Cultural Imaginaries of Just Transitions: Fostering Interdisciplinary Discussion on Research and Teaching of Contemporary Ecological Challenges

This project puts the frameworks of 'just transitions'—that is, equitable energy and socio-economic transitions from fossil fuels to renewables—into dialogue with the critical and literary insights of humanities scholars. Through a series of workshops we will examine how cultural production mediates the desires and community formations generated by fossil fuel reliant societies, and how new representational forms can reframe how we imagine and participate in a world of climate emergency, with consequences for teaching and research at UCD.

Literary studies and the environmental humanities have been profoundly impacted by the headway made by the “energy humanities”—a field which, in the context of urgent concerns regarding the climate emergency, has pioneered new ways of thinking about the fuels and infrastructures that power our “real” world and fictional universes. However, less well-theorised is the role that culture – fiction, poetry, film, visual art – can play in just transitions. Discussions of just transitions, that is, equitable energy and socio-economic transitions from fossil fuels to renewables, focus largely on technical and regulatory questions (McCauley and Heffron 2018, Wang and Lo 2021). But just transitions must also involve the critical and literary insights of humanities scholars into the ways culture has mediated the desires, affects and community formations generated by fossil fuel reliant societies, such as popular representations of the “freedom” associated with open roads (Mitchell 2011, LeMenager 2014, Szeman et al 2016). The point of this critical-literary questioning is to unpick what cultural imaginaries or narrative apparatuses might aid in generating a sustainable and just post-fossil fuel society, particularly with the advent of renewables and the impact of climate change. Any future energy transition must necessitate transforming the whole of “nature-society” through new cultural forms that reframe how we perceive collective ways of organising and participating in a world of radically-altered socio-ecological relations. Starting in 2023 this project will examine these issues through a series of workshops focused on emerging cultural trends related to just transitions; the cross-disciplinary teaching of major environmental issues at UCD; and a series of outputs including a web presence, podcasts, and academic publications.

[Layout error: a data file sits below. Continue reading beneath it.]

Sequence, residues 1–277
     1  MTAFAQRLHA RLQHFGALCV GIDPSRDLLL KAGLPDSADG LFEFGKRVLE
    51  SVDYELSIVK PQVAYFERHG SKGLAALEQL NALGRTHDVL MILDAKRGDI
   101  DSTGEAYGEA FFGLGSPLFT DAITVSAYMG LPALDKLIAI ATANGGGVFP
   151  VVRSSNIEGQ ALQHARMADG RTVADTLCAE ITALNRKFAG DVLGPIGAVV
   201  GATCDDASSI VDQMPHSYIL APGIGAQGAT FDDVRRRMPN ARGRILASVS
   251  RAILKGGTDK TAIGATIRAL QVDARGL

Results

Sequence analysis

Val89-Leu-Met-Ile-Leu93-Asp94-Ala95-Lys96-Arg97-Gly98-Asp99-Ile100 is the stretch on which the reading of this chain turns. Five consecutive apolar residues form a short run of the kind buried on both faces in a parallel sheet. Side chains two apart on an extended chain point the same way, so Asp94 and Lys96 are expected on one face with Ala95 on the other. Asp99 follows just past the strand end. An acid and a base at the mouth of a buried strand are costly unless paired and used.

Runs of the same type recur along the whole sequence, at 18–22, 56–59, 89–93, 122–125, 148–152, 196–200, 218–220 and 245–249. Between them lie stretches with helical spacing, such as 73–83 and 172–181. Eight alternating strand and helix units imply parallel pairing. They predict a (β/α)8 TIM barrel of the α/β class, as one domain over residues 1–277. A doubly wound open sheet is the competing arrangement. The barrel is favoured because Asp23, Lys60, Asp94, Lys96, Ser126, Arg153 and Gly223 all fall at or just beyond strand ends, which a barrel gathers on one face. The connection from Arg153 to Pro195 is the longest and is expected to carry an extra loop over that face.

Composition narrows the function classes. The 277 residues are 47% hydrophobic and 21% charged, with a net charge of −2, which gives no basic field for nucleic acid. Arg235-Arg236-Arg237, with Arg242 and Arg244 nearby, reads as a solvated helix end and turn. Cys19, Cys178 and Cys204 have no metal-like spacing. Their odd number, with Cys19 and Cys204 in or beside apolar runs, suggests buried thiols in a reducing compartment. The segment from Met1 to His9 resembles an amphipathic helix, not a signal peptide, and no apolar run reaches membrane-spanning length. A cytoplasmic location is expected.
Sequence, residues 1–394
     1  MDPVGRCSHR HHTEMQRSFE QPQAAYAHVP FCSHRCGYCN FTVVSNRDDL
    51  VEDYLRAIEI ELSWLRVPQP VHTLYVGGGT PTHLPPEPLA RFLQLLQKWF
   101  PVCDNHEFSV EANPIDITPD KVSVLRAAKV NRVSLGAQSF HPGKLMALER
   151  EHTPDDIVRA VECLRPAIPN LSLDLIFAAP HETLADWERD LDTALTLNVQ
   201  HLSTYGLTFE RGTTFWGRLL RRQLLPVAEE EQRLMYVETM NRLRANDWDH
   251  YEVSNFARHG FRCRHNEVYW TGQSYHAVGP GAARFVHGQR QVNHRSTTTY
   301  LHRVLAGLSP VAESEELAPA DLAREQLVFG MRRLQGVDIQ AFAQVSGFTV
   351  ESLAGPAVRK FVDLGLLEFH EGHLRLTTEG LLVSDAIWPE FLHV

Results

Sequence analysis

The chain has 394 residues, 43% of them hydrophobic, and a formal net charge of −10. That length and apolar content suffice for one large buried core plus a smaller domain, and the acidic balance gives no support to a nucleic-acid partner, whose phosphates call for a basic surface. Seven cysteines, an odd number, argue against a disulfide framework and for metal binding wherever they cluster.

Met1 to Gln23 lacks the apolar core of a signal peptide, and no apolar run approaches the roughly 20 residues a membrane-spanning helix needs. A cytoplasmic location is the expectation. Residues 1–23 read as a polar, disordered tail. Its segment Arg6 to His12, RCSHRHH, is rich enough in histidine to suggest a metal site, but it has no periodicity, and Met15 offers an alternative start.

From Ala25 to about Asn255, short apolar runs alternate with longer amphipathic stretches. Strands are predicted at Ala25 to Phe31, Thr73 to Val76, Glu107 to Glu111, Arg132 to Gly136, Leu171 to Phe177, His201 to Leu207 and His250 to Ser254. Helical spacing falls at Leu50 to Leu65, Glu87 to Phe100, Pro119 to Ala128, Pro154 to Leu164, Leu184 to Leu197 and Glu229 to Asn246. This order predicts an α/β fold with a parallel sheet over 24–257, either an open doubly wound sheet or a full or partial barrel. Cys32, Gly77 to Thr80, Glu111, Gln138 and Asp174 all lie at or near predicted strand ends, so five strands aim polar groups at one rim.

If you are interested in knowing more please get in touch with project lead, Dr Treasa De Loughry (treasa.deloughry@ucd.ie, on leave February-November 2022); or the Director of the Environmental Humanities Thematic Strand, Dr Sharae Deckard (sharae.deckard@ucd.ie).

Projects Leaders:

Grant PI: Dr Treasa De Loughry
UCD School of English, Drama and Film
deloughry@ucd.ie

Environmental Humanities Director of Strand: Dr Sharae Deckard
UCD School of English, Drama and Film
deckard@ucd.ie